But on the other side of the seeming ease and anonymity of buying and selling on the Darknet is the hard work being done by law enforcement, in concert, to combat the illegal activity occurring online—from targeting the marketplaces and the sellers to reaching out to those buying illegal wares online.

“These are very complex and time-consuming cases for one agency,” said Kyle Rau, USPIS program manager for Darkweb investigations. “The ‘one government’ approach allows us to tap into each agency’s strength and allows each agency to focus on a particular task.”

The FBI and its law enforcement partners in the United States and abroad have had tremendous success in recent years taking down some of the largest and most profitable Darknet marketplaces. In 2017, law enforcement seized the AlphaBay marketplace, believed to be the largest Darknet market at the time. That seizure was followed by a takedown of Hansa market, another major player.

“It is harder to get the infrastructure up,” stressed Cocklin. “To compare it to a normal drug organization, a dealer is easier to replace than the head of the organization. If you take out a marketplace, you have to rebuild. It takes money and time and undermines trust. Did taking out AlphaBay and Hansa stop everything? No. Did it make an impact? Absolutely.”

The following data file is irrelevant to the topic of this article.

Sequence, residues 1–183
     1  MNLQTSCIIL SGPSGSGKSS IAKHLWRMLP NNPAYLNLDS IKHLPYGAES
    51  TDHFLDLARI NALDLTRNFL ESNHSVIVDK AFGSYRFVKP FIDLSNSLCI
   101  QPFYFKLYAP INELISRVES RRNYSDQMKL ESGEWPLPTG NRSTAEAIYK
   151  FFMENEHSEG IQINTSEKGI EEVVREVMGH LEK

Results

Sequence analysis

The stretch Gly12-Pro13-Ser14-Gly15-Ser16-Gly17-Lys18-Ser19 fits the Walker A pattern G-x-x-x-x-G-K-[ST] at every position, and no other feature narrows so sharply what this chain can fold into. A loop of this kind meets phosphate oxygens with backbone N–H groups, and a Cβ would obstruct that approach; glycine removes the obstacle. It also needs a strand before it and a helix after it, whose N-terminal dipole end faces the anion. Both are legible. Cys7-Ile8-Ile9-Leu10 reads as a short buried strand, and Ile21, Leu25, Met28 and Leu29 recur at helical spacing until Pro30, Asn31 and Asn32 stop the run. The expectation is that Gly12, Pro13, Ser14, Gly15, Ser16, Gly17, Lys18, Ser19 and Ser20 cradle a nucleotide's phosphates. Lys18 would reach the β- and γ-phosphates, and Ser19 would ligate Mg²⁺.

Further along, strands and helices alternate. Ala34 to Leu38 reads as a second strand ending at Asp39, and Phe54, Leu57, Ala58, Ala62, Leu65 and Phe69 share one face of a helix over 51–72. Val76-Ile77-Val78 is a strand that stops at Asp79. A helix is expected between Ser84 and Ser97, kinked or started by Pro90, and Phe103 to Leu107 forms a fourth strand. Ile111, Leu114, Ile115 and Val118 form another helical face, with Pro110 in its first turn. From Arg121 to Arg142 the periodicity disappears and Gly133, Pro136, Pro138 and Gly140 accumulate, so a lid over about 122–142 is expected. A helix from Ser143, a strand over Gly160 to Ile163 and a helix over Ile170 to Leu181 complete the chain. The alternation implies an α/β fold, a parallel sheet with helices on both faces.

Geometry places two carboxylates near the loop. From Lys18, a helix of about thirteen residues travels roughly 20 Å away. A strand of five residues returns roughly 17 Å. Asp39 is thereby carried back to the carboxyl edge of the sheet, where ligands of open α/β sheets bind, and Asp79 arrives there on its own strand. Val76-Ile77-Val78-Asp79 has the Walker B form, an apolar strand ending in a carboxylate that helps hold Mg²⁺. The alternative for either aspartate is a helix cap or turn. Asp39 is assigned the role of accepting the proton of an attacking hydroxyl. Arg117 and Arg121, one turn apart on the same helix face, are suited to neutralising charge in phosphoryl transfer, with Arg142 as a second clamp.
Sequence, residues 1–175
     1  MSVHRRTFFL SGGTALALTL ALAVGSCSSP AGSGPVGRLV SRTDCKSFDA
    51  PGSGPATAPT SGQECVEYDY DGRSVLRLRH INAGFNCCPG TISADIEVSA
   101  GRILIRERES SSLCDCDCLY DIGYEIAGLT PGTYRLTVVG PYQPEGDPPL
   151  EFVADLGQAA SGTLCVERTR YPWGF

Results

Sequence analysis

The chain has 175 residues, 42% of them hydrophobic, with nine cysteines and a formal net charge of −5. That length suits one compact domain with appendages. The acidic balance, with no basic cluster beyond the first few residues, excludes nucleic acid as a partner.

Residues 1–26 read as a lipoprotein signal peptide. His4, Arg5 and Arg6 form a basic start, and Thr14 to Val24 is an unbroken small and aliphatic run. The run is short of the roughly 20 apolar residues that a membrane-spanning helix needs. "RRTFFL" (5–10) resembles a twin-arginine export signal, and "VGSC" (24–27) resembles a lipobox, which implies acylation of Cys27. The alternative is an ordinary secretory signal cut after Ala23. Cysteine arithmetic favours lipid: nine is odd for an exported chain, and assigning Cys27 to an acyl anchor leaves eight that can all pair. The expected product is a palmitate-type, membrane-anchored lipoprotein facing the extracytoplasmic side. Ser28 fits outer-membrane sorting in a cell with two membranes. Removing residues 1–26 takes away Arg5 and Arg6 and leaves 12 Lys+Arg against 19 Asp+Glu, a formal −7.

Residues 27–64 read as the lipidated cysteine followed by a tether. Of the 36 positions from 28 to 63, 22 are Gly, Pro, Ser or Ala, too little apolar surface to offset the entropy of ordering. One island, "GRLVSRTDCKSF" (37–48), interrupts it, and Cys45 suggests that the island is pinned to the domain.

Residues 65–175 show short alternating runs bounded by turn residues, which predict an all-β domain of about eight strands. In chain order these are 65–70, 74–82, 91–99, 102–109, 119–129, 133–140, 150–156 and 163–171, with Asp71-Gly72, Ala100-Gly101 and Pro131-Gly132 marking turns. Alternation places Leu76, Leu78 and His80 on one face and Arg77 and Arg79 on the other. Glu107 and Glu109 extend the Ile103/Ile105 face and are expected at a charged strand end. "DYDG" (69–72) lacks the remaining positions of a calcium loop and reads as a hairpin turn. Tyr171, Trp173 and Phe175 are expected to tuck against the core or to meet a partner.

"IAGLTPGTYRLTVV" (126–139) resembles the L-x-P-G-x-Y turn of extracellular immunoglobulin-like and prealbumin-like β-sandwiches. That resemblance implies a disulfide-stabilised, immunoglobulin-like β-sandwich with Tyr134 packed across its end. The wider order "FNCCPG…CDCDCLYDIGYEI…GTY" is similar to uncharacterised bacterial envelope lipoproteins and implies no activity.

The next-level target is the Darknet drug trafficking organizations. The goal of Operation Disarray and Operation SaboTor, along with the ongoing work of J-CODE partners, is to identify and arrest those behind the online sales.

“It takes work, but the FBI, USPIS, DEA, and others are laser-focused on tackling the opioid epidemic on the web.”

Nathan Cocklin, special agent, FBI Los Angeles

The final prong of the J-CODE effort is educating the public on the dangers of opioids by contacting individuals who are known to have purchased drugs online. Sometimes the message arrives too late. In locating and contacting buyers, the J-CODE team often comes across death notices and obituaries. In some cases, agents learn from buyers that they had survived an overdose; in other cases, agents learn from family members that a buyer did not. Oksala stressed that many of the drugs being sold online carry the added danger of unknown, powerful chemicals. “People are making thousands of pills at a time, doing the formulation without any scientific training,” he said.